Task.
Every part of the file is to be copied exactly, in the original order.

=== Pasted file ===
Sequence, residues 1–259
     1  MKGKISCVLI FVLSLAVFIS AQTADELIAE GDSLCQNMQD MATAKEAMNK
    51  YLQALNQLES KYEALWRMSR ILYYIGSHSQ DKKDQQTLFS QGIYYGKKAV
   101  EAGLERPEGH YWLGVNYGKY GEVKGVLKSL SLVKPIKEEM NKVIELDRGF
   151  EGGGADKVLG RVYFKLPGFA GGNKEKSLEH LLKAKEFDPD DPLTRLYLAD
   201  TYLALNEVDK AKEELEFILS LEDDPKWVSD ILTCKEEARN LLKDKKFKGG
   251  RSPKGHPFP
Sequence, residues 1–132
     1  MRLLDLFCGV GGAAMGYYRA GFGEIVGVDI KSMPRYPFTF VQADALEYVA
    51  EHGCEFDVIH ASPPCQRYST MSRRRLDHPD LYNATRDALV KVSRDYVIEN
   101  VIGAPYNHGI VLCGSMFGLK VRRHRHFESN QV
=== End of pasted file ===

Sequence, residues 1–259
     1  MKGKISCVLI FVLSLAVFIS AQTADELIAE GDSLCQNMQD MATAKEAMNK
    51  YLQALNQLES KYEALWRMSR ILYYIGSHSQ DKKDQQTLFS QGIYYGKKAV
   101  EAGLERPEGH YWLGVNYGKY GEVKGVLKSL SLVKPIKEEM NKVIELDRGF
   151  EGGGADKVLG RVYFKLPGFA GGNKEKSLEH LLKAKEFDPD DPLTRLYLAD
   201  TYLALNEVDK AKEELEFILS LEDDPKWVSD ILTCKEEARN LLKDKKFKGG
   251  RSPKGHPFP
Sequence, residues 1–132
     1  MRLLDLFCGV GGAAMGYYRA GFGEIVGVDI KSMPRYPFTF VQADALEYVA
    51  EHGCEFDVIH ASPPCQRYST MSRRRLDHPD LYNATRDALV KVSRDYVIEN
   101  VIGAPYNHGI VLCGSMFGLK VRRHRHFESN QV